- The Washington Times - Thursday, January 23, 2003

Turk snubs U.S. envoy
The speaker of the Turkish parliament yesterday said he was only returning the snub when he turned down an invitation to have lunch at the U.S. ambassador's residence.
Bulent Arinc said Ambassador Robert Pearson failed to pay a courtesy call to congratulate him on his appointment as speaker in November, so he rejected the lunch date this week.
"A Turkish parliament speaker will not attend an ambassador's lunch if the latter has not first paid him a visit," Mr. Arinc told Turkey's Anatolia news agency.
Mr. Pearson had invited Mr. Arinc to lunch to discuss the crisis in Iraq. Turkey, which allowed the United States to use its air bases during the 1991 war against Iraq, opposes current U.S. efforts to remove Saddam Hussein by force.
The chairmen of parliament's foreign affairs and defense committees also declined similar invitations, saying protocol required the ambassador to pay a visit to parliament first, Turkish newspapers reported this week.
Food for Zimbabwe
The U.S. ambassador to Zimbabwe yesterday expressed his concerns about a potential famine as he announced a $20 million food package for the southern African nation.
Ambassador Joseph Sullivan said at a news conference he is worried about "the low amounts of plantings in food crops and the inevitable effect that this will have on food availability."
He said the new U.S. aid will benefit more than 660,000 people in seven Zimbabwean districts. The United State has donated more than 217,000 tons of food aid since March 2002.
Mr. Sullivan dismissed complaints by the ruling Zimbabwe African National Union Patriotic Front that the food aid was being distributed to supporters of opposition parties.
Mr. Sullivan pointed that the food program is run through the nongovernmental Consortium for the Southern African Famine Emergency.
"The overwhelming bulk of food distributions from the United States and other international partners has been distributed fairly," he said.
President Robert Mugabe has been widely blamed for policies that contributed to the famine, including encouraging mobs to evict white owners from large farms. The United Nations estimates that only 30 percent of the farmland in Zimbabwe is under cultivation.
Off-road diplomacy
U.S. Ambassador to Pakistan Nancy Powell heralded the latest contribution of rugged off-road vehicles to Pakistan as a tool to bring law and order to areas infested with terrorists.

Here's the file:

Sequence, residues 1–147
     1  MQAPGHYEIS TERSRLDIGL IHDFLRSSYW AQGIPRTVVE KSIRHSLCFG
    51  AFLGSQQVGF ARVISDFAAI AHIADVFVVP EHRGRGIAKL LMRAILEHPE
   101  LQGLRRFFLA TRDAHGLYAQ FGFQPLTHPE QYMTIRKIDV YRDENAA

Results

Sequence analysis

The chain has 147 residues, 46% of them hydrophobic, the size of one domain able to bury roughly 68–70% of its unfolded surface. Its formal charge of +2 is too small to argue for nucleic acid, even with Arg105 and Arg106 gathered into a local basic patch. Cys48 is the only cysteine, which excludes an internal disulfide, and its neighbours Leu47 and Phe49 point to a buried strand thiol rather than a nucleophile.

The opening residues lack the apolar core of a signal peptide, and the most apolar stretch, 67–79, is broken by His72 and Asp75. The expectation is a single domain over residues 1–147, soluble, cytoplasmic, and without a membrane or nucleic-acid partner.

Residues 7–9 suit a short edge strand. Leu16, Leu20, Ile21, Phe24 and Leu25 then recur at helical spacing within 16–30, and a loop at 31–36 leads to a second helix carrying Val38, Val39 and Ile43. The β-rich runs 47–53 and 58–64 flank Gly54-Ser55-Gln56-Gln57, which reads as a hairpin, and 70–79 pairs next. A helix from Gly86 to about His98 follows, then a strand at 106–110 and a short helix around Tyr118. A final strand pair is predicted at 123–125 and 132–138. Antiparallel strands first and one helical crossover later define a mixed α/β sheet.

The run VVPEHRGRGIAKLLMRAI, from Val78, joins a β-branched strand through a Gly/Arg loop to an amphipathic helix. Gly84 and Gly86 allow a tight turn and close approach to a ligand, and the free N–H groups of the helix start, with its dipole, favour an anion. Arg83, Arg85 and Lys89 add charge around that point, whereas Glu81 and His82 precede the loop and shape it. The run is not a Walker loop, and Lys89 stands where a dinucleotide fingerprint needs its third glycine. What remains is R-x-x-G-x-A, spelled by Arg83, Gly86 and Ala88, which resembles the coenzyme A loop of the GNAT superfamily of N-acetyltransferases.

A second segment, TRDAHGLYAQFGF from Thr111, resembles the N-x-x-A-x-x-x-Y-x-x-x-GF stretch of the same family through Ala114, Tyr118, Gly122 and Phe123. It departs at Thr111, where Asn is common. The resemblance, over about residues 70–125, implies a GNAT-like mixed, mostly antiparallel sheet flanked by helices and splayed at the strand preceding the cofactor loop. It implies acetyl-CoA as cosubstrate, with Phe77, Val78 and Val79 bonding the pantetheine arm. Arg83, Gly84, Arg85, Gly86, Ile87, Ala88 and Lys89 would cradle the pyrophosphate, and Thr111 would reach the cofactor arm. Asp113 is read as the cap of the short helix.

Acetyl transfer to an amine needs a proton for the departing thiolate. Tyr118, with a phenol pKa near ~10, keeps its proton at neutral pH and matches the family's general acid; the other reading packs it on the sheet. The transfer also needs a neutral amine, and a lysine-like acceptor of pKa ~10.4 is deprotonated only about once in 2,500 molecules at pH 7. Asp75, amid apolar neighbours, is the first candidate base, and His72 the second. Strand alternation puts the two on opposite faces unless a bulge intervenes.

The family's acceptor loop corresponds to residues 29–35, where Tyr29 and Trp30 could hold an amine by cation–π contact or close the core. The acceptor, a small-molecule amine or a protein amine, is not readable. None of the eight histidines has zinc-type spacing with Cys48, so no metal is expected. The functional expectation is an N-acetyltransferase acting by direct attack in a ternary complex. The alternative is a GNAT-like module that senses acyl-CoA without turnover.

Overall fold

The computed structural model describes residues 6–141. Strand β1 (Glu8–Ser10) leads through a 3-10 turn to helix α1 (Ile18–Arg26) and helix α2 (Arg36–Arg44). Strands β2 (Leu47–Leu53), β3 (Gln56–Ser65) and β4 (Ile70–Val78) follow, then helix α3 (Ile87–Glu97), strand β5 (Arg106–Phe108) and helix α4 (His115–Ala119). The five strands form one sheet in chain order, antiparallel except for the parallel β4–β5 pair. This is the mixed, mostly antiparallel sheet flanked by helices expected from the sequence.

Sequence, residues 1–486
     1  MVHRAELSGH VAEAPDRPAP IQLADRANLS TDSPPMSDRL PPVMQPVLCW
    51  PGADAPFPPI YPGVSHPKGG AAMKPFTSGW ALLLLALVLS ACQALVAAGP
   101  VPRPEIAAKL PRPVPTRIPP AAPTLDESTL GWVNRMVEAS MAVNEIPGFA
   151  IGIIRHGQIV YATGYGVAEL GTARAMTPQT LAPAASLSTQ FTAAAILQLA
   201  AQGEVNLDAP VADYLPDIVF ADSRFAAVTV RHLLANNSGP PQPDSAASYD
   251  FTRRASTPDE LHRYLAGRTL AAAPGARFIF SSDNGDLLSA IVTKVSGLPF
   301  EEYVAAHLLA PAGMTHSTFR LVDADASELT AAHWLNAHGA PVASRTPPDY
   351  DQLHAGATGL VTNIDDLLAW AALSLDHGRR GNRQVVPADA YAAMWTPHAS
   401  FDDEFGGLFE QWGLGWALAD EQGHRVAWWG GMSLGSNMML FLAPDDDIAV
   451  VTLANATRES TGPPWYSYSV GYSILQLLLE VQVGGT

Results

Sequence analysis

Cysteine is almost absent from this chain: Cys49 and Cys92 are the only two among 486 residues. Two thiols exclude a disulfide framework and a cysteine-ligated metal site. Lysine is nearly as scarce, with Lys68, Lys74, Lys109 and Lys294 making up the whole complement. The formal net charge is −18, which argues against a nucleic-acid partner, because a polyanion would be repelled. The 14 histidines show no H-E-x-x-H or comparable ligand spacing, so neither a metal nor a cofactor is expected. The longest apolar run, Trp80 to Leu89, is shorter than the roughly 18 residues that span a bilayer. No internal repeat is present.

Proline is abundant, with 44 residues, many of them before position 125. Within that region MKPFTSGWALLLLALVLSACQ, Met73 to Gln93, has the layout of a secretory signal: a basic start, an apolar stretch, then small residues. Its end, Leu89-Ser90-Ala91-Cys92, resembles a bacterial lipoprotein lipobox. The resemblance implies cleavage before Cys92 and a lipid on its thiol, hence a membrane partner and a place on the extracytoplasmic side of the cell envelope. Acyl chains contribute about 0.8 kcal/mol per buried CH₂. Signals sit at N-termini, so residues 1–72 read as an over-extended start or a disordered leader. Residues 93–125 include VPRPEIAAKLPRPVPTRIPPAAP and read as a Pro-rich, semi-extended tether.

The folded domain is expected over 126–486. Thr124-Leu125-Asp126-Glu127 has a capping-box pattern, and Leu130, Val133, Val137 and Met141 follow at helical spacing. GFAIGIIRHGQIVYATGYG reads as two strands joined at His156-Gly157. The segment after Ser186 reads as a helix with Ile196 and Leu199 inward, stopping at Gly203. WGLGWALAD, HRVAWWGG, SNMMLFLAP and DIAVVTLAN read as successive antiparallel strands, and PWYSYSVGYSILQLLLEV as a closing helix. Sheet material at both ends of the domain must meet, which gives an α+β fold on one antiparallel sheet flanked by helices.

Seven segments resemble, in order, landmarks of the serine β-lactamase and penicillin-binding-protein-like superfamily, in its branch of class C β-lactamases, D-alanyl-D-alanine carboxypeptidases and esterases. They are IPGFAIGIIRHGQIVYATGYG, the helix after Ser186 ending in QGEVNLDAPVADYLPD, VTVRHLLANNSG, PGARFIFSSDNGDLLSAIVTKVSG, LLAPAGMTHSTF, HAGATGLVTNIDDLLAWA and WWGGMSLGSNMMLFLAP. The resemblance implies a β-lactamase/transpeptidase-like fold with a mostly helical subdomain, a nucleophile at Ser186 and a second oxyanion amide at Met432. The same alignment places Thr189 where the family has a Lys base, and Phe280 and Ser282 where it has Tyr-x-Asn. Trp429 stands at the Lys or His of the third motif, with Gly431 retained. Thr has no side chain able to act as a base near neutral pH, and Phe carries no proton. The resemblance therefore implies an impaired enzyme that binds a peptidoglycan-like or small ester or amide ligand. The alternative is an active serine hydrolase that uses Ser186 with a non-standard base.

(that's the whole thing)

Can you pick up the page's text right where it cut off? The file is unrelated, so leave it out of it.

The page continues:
"This program is a partnership between the governments of Pakistan and the United States to help secure Pakistan's 1,500-mile-long border with Afghanistan," she said in a ceremony this week, as she presented 483 vehicles and 626 wireless radios for the use of the Frontier Corps in the southwest region.
"These vehicles and communications equipment [will] help the border security force to bring law and order to a region threatened by terrorism, drug trafficking and other forms of criminality."
The United States earlier this month donated 400 vehicles and 750 telescopes to help patrol the lawless North West Frontier Province.
Washington has pledged $13.25 million in border security aid to Pakistan, a key ally in the war against terrorism.
'Potent lure'
Eric Farnsworth, a Latin America specialist, is the new director of the Washington office of the New York-based Council of the Americas.
Mr. Farnsworth brings both diplomatic skills and private-sector expertise to the position, said Myles Frechette, the council's chief executive officer.
Mr. Farnsworth was most recently managing director of Manatt Jones Global Strategies, which advises international businesses from offices in Washington and Los Angeles.
He was the policy director in the White House Office of the Special Envoy for the Americas from 1995 to 1998. A career diplomat, he dealt with issues involving the Summit of the Americas and Central America at the State Department.
"The opportunity to lead the Washington efforts of the premier organization dedicated to U.S. policy interests in the Western Hemisphere is a potent lure, and I am excited to have this tremendous opportunity," he said in a statement.

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